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I feel proud of the organisation and I want to be driving its success. If its values are aligned with mine, I feel very motivated, very enthusiastic.
I want to shout about it and tell everybody everywhere else about it, why it is so fantastic. In particular, Professor Mary Jo Hatch Gothenburg University School of Business Economics and Lawhas written prolifically about two strong organisational forces, organisational culture and stakeholder culture, describing their mutual influences on organisational identity.
In this way, employees feel attached and committed to carrying out organisational activities, such as change. The question still remains: Building on the theoretical foundations of HatchChristina Price PhD Candidate and Professor Alma Whiteley Curtin Graduate School of Business, Curtin University, Western Australia conducted a study which found there can be negative consequences when employees feel that their identities have been compromised by management imposing a particular culture on them.
In essence, the case study demonstrated the critical role inclusion plays in culture change programs. Specifically, the study found that active listening must be complemented by the implementation of symbolic actions by management which embrace the Values to ensure employees feel connected to the organisation.
Aim This study had two aims. The first was to fill a gap in the literature on the implications of management enforcing employees to adopt the espoused values management have created in isolation from employee contribution.
Drawing on the mutual influences of both corporate culture and stakeholder culture on organisational identity Hatch,the researchers used this case study to explore the consequences of an imposed Values-based culture program on employees, and assess the risk if employees felt management violated these espoused Values.
The Values imposed on this organisation were: This research was conducted as a case study at an employee Australian financial institution which had recently been acquired by a larger institution. The sequence of research events involved initial research questions, field data and discussions.
Primary data was collected in the form of semi-structured interviews with 12 employees. When you find that the things which are important to you are being reflected in this place, how do you feel and what do you do?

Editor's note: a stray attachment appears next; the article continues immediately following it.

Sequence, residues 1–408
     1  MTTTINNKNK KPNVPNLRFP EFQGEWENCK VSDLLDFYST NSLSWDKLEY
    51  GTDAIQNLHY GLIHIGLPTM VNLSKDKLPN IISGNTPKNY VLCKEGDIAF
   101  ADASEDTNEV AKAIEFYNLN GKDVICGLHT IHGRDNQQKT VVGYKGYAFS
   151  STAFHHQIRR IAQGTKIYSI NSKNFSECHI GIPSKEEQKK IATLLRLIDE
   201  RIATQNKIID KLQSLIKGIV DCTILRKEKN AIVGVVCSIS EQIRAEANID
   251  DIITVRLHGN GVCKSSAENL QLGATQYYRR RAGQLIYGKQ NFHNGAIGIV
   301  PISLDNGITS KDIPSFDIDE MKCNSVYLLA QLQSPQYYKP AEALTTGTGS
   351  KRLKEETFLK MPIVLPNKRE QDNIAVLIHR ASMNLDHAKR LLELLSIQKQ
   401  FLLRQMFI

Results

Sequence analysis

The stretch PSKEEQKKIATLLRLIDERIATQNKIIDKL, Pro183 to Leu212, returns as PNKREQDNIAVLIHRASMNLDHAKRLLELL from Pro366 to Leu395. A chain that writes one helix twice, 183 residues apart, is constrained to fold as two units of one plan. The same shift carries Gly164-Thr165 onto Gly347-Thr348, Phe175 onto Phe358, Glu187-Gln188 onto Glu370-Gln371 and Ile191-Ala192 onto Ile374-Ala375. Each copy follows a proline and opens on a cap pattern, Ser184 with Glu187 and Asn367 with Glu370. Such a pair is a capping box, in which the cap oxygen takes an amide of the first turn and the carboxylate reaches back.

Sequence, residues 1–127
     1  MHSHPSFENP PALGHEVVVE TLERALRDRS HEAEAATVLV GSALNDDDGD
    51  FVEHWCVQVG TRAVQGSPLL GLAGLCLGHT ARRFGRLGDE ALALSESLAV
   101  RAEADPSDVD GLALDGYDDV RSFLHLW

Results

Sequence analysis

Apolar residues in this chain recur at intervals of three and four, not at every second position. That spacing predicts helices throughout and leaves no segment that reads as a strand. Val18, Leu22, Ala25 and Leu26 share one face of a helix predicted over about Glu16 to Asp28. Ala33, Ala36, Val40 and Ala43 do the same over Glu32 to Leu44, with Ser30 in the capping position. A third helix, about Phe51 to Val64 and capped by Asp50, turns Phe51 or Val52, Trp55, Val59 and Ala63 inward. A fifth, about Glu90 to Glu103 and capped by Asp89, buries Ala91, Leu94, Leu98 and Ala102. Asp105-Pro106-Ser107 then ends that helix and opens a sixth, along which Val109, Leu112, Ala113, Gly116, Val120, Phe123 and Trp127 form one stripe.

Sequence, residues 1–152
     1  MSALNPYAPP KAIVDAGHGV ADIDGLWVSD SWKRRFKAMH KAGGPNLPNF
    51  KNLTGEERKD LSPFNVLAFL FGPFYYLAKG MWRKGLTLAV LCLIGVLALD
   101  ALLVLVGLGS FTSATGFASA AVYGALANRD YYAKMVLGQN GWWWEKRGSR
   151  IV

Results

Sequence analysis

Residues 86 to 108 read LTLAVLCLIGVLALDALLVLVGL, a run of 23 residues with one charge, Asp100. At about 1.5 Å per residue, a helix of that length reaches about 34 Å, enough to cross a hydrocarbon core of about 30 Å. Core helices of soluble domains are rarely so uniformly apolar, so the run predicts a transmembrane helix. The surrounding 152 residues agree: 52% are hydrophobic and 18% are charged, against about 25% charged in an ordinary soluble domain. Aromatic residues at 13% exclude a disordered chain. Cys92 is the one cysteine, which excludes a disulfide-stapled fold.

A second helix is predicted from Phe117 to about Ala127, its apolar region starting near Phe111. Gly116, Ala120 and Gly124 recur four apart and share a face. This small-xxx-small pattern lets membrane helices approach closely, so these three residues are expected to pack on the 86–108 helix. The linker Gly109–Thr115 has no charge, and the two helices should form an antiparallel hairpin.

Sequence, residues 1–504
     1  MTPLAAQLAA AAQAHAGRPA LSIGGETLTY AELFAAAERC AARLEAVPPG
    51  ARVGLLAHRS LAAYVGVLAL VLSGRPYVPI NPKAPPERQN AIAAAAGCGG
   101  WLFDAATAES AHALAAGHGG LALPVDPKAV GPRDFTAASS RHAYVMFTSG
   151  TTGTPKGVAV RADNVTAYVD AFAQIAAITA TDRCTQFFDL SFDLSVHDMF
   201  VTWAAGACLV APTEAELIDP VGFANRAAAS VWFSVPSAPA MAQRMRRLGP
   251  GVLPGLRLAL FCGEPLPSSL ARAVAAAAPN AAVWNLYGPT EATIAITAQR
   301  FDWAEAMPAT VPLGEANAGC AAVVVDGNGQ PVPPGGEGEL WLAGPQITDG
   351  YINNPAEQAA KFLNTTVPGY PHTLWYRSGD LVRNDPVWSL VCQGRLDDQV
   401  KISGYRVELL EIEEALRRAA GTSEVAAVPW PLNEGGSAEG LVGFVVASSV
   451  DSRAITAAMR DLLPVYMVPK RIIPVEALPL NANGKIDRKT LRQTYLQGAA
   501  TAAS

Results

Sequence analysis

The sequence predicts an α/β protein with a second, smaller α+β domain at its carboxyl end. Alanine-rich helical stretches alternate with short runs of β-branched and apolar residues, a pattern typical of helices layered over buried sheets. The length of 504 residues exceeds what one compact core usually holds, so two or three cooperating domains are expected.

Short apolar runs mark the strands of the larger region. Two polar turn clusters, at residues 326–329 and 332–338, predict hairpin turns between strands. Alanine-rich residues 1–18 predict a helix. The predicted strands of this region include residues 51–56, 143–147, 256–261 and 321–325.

Findings There were three key themes which emerged from the data, and a number of sub-themes in each. Employees making sense of how senior managers demonstrate organisational Values The key theme the data revealed was around the implications of managers not demonstrating the espoused Values they were imposing on employees.
This led to feelings of disengagement and frustration.
Underneath this key finding, the data also exposed some other interesting perceptions from employees. Employees generally accepted the espoused Values, however they also sought to make sense of purpose of the culture change.
They felt the way management was mandating these Values was wrong. This was echoed in response to management incorporating the new Values into an appraisal mechanism, furthermore highlighting the imposed nature of the program.
The second element of this finding is the congruence of personal and professional Values, which deepened the feelings of attachment to the organisation.
This particular finding refers directly to the research question on the intersection between personal and organisational Values. The findings therefore elicited a theoretical interplay of various dynamics including organisational culture, employee identity and identification, employee agency and commitment, folkloric and contestable discourse.
Ultimately, the findings represented that when there is a lack of mutual construction around organisational Values and culture, the level of commitment and motivation by members can decline. Importantly, the model included external factors - something which Hatch did not include as a way of contextualising the critical incidents that employees need to make sense of.
In the case of this study, it was the business acquisition. The researchers suggested that such an open dialogue would lead to employees feeling valued and included within the organisation, and more committed to achieving success.
Whilst not applied within this case study, the researchers have positioned it as an alternative theory to better understand how organisational change can be effective. A situated contestable environment: Implications Practically, this study sheds more light on the power of inclusion.
To read the full article, see Whitley, A. Cooption or Commitment through Contestation? Journal of Change Management, 142, ; or visit:Here are some resources you will find useful if you are studying for the Principles of Taxation exam.
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